NPV = \$40,000 × (1 – (1 + 1%) ⁻¹²) – \$200,000.

6. Calculate the NPV

Solve the equation to find the NPV. Long-form calculations can be made by hand or using a scientific calculator.

Example: Danny solves the equation to find the NPV.

NPV = \$40,000 × (1 – (1 + 1%) ⁻¹²) – \$200,000.

NPV = \$40,000 × (1 − 1. 01⁻¹²) ÷ 0. 01 − \$200,000.

NPV = \$40,000 × (1 − 0. 887449) ÷ 0. 01 − \$200,000.

NPV = \$40,000 × 0.112551 ÷ 0.01 − \$200,000

NPV = \$40,000 × 11.2551 − \$200,000

NPV = \$450,204 – \$200,000

NPV = \$250,204

How to calculate IRR

Calculate IRR using the following formula and steps:

0 = NPV =TCt- C01 + IRRtt=1Ct = Net cash inflow over the course of time (t)

t = Time period

C₀ = Initial investment

IRR = Internal rate of return

Decide how much money you’re going to invest or put into your project first. This number will replace C₀ in the equation.

2. Identify your expected cash flow

Determine the amount of money you anticipate making from this project or investment. This number will replace Cₜ in the equation.

3. Decide on a time period

Determine when you want to see a return on your investment, whether it will be in a few months or a few years. This number will replace t in the equation. The denotes that there are various iterations of time to take into consideration. Record all of them in your equation.

4. Set NPV to 0

For the equation to balance, set NPV to 0. You will be working towards determining the IRR.

5. Fill in the formula

Using the numbers you identified above, fill in the formula. IRR should be the only letter present in the equation’s center.

6. Use software to solve the equation

Calculating IRR is more difficult than calculating NPV due to the nature of the formula. Only trial and error or a program designed specifically for IRR can solve it. It cannot be calculated analytically. Therefore, it is advised that you seek assistance from your CFO or internal accountant when performing the IRR calculation.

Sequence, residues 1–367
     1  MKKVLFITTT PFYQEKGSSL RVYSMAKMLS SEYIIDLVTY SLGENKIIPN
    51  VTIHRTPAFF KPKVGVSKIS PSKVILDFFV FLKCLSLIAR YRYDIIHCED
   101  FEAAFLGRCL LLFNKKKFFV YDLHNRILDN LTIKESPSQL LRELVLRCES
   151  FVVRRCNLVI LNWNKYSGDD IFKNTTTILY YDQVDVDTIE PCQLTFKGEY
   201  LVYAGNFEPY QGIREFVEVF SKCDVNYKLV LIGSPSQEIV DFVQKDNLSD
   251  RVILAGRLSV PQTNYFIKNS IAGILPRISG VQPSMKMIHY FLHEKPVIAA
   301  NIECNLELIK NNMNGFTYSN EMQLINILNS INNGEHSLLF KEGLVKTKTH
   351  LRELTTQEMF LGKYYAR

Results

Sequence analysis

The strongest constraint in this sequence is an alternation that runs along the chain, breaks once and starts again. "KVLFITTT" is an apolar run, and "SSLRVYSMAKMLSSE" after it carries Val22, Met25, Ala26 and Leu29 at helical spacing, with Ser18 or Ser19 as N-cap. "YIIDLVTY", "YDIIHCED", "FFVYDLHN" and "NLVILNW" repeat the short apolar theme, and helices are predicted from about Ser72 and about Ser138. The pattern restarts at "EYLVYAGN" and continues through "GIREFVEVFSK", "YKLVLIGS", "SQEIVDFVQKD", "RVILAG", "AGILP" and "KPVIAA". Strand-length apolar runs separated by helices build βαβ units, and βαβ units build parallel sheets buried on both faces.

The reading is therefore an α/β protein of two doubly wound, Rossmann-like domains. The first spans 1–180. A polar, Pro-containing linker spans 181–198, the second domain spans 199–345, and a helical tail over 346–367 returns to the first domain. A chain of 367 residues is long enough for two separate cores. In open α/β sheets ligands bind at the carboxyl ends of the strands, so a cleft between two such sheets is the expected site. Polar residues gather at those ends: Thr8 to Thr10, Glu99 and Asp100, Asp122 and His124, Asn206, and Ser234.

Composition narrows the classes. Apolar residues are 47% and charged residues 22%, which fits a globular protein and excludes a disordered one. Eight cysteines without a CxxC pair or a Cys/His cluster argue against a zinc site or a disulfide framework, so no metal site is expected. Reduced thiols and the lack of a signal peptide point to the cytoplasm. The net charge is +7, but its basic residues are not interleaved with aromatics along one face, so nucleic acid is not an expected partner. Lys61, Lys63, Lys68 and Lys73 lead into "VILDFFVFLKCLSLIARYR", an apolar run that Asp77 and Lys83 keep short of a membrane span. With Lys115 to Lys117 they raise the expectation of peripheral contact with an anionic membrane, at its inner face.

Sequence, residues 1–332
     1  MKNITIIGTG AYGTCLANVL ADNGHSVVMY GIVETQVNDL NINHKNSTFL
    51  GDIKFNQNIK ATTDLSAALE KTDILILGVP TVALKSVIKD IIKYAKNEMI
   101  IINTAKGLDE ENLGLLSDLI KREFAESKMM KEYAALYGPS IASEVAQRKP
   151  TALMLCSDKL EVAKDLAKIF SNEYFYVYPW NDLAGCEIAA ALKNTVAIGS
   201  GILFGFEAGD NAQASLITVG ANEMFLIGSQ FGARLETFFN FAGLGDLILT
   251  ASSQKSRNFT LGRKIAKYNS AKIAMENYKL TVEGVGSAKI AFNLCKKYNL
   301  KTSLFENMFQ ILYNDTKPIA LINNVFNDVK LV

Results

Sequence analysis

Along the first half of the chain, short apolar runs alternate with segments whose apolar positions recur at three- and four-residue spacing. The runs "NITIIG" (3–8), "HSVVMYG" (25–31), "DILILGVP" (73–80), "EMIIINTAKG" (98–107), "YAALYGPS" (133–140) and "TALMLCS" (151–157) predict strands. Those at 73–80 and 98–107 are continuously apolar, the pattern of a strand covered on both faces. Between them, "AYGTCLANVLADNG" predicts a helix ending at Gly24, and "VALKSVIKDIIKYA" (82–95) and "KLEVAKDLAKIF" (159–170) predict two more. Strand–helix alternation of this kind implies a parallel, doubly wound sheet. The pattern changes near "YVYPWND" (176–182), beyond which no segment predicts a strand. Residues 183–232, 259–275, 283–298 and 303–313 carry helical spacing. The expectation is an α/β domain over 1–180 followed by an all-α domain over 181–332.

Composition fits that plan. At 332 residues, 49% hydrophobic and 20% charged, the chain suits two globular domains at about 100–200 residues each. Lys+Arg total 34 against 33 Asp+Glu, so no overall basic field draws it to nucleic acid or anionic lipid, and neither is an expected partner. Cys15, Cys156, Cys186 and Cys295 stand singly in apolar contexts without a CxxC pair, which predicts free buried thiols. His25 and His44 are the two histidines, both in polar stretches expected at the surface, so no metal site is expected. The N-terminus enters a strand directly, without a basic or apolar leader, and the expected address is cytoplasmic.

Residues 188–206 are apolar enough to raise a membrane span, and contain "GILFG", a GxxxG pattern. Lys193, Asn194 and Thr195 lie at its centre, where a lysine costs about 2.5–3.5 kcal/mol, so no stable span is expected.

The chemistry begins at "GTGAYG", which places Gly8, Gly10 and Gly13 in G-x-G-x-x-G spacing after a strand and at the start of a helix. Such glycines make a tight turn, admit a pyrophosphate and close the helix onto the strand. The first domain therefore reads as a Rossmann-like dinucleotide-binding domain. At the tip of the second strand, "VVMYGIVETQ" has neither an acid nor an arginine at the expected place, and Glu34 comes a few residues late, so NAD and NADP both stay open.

FAQ

What is better NPV or IRR?

When comparing various projects against one another or in circumstances where determining a discount rate is challenging, IRR is helpful. When there are multiple discount rates or different directions of cash flow over time, NPV is preferable.

Why is NPV better than IRR Payback?

While the NPV method takes time value into account, it provides a clear indication of the project’s dollar benefit to the company’s shareholders on a present value basis. NPV is the best single measure of profitability. Benefits accruing after the payback period are disregarded in the Payback vs. NPV analysis. It also does not measure total incomes.

Is IRR equal to NPV?

The interest rate at which the NPV of costs (negative cash flows) incurred over the course of the project (or a specified accounting period) equals the NPV of benefits (positive cash flows) from the project is known as the internal rate of return (IRR).

Does higher IRR mean higher NPV?

With NPV, proposals that have a net positive value are typically accepted. IRR, however, is frequently approved if the resulting IRR is higher than the current cutoff rate. Positive net present value projects also exhibit higher internal rates of return than the base value.